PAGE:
French Connection (1971) – I gotta say, I can think of several other gritty/ irreverent buddy cop movies that are far more interesting. There was absolutely nothing in the way of interesting characters, and as Chooch said, they’re like cardboard cut outs. I agreed and commented that I cared more about a random kid in the background of a sniper shooting than about Gene Hackman’s character that was the target of said sniper. I had no emotional investment in any of the characters, which is a big no-no for my enjoyment of a story in any form.
One stinker was a scene with Roy Scheider and Gene Hackman showed them playing cards and laughing while listening to a surveillance tape, and it seemed like a forced and unrealistic moment of camaraderie. The movie has the sound effects (screeching tires, subway train noise, gunshots) cranked up pretty loud, possibly to make it more gritty and life-like, but in my opinion it’s gone too far and hurts the film. And at one point, I had to crank the volume way down because the music being played during an action scene was so jarring and annoying that I literally almost left the room. The attempt to amp up the suspense and tension just irked me to no end and took me out of the movie completely.
I turned to our old friend Wikipedia to try and suss out what the big deal is, and it tells me that “The French Connection was a scheme through which heroin was smuggled from Turkey to France and then to the United States, culminating in the late 1960s and early 1970s, when it provided the vast majority of the illicit heroin used in the United States.”
So okay, another “based on a true story” film, I get it. Also, “In 2005, the film was selected for preservation in the United States National Film Registry by the Library of Congress as being ‘culturally, historically, or aesthetically significant’.” Apparently, it was ground breaking and portrayed a drug war as it was still going on. Forty years ago.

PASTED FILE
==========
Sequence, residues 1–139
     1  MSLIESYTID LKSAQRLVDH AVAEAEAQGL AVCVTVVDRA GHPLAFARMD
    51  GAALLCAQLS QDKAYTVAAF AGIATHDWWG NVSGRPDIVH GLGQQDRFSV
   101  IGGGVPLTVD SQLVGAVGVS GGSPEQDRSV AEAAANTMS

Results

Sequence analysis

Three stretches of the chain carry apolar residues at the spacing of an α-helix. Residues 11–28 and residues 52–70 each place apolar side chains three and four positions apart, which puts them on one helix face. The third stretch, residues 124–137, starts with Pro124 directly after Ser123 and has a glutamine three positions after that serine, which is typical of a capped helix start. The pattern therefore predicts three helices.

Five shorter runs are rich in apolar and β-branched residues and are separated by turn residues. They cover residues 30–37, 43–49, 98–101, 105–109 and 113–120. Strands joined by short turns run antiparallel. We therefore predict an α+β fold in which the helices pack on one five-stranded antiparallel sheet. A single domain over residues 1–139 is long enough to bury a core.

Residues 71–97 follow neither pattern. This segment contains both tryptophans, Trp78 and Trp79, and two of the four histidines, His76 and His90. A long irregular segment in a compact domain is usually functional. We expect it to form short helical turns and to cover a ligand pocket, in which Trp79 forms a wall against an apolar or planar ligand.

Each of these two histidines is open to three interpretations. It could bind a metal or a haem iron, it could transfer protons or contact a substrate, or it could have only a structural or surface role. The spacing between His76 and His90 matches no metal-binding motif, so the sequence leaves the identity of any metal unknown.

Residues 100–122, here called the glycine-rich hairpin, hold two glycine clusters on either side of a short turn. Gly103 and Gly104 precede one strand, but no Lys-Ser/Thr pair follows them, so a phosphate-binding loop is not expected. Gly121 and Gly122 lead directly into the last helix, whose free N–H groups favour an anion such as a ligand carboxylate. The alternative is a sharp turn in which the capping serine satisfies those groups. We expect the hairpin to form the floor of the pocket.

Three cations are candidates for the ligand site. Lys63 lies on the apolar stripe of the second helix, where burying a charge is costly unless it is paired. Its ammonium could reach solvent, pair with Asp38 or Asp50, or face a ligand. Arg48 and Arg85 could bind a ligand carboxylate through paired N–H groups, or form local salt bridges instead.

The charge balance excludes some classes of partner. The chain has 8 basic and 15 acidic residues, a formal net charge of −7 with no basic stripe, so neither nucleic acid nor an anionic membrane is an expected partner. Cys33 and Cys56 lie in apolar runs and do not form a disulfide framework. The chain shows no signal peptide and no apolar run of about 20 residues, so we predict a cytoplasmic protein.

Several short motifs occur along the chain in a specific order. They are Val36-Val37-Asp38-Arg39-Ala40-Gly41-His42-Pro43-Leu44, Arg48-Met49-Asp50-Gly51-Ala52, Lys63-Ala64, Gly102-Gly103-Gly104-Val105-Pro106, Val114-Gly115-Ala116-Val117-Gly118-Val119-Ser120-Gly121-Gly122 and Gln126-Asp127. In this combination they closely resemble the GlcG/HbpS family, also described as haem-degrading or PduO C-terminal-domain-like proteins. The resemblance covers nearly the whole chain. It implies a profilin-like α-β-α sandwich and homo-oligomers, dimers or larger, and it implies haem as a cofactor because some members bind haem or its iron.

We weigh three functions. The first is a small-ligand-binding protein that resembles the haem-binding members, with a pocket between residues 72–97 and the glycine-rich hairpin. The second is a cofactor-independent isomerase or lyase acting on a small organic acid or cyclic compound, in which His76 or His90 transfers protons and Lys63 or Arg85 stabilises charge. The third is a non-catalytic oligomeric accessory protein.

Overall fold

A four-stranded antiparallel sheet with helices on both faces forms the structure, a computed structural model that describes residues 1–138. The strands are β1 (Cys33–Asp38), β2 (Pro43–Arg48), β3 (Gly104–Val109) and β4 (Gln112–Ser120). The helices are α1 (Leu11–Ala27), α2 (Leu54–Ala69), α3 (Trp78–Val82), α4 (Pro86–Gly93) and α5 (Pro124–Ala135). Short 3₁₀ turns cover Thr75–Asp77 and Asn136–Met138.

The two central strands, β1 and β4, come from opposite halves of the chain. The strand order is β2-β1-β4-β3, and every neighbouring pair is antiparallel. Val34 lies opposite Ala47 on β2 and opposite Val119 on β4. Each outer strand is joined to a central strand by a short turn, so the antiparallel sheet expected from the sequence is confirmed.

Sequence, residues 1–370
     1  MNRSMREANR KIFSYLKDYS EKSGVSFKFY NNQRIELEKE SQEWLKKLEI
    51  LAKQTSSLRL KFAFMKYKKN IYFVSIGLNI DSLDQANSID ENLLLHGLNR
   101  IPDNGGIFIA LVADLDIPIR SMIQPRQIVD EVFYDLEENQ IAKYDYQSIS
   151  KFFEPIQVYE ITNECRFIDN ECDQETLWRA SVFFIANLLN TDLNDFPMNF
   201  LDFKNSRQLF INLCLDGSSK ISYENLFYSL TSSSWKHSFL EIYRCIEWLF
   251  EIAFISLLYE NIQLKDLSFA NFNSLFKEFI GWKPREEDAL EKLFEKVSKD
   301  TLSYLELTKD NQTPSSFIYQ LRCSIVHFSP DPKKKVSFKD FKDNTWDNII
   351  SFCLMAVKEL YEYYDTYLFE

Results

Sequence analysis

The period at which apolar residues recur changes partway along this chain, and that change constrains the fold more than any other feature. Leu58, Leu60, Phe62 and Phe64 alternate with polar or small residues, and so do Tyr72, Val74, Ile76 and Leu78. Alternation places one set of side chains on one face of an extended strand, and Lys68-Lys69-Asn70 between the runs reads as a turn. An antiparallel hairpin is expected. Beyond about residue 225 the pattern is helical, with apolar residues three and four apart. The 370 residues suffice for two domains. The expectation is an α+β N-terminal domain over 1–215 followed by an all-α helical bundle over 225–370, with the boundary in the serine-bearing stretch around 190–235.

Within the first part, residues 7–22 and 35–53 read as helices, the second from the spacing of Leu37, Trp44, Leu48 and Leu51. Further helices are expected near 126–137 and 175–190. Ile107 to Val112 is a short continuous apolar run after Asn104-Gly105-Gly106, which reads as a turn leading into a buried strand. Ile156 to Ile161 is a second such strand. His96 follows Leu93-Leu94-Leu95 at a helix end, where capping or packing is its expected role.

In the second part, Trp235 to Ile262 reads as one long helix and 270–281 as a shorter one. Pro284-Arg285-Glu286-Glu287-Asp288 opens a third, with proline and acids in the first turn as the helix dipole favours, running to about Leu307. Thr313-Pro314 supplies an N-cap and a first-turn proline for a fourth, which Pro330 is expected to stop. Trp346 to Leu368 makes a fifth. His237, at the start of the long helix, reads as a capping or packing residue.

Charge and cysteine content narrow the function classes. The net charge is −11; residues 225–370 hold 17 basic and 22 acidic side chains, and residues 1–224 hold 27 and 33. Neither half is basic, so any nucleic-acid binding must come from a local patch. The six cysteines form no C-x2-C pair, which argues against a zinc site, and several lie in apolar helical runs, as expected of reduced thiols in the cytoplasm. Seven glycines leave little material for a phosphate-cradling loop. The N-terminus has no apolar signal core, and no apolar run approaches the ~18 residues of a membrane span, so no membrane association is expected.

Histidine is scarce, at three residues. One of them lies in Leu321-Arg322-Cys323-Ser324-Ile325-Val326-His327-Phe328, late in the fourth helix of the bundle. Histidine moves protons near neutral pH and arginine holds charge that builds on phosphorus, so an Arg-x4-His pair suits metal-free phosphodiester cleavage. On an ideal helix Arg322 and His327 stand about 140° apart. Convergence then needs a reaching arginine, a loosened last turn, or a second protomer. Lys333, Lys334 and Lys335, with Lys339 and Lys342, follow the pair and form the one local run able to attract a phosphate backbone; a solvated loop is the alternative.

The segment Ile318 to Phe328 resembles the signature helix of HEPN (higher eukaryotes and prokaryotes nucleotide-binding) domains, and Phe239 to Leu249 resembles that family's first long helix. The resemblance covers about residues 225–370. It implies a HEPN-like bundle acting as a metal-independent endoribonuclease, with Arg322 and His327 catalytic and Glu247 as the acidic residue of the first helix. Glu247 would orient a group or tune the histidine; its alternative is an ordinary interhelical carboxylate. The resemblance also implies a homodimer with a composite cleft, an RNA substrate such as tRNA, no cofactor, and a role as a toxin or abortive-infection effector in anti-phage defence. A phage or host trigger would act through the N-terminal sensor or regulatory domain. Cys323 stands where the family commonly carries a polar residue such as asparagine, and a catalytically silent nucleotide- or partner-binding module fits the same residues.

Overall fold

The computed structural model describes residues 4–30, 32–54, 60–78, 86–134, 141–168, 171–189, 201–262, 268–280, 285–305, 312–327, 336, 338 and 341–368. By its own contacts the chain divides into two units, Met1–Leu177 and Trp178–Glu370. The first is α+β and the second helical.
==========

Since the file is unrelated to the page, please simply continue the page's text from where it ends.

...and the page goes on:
Also, it was the first R-rated film to win an Oscar since the MPAA rating system was put in place, and was nominated for 8 Oscars, winning 5:
- Academy Award for Best Picture – Phillip D’Antoni
- Best Director – William Friedkin
- Best Actor – Gene Hackman
- Best Adapted Screenplay
- Film Editing
Other movies that were nominated for the Oscar that year were: A Clockwork Orange, Fiddler on the Roof, Nicholas and Alexandra and The Last Picture Show. I’ve never watched Fiddler… or Nicholas… but my favorite of the other three is easily A Clockwork Orange. I don’t hesitate to say that I would have preferred either it or The Last Picture Show to win. In fact, as little as I enjoyed The Last Picture Show, it definitely ranks higher on my list than French Connection.
And the car chase scene? The one everyone talks about that is supposed to be worth the time invested for that one scene? I didn’t realize it had already happened. I thought it was at the very end of the movie. And while that was a fantastic scene, especially the car racing along directly below the train in one shot, it was not worth all that time. The movie was exactly what I thought it was when i avoided it for all these years.
Meanwhile, I cannot wait to listen to Christiana and Mike discuss this film to see what I’ve missed. Their discussions on the previous seven films have, without exception, been able to reveal interesting details on the films that enriched my enjoyment of them.
But I have to say that while I’m counting on not having the full experience by not living in the times that the movie was released in, I still fully expect movies on this list to hold up to the test of time. This movie was released forty years ago, and while I love Hackman and respect his career I do not understand why this movie remains on the list. I’m grateful for the slew of amazing and ground-breaking films in recent years to hopefully correct this.
Happily, Goodfellas is up next. And I loves me some Goodfellas!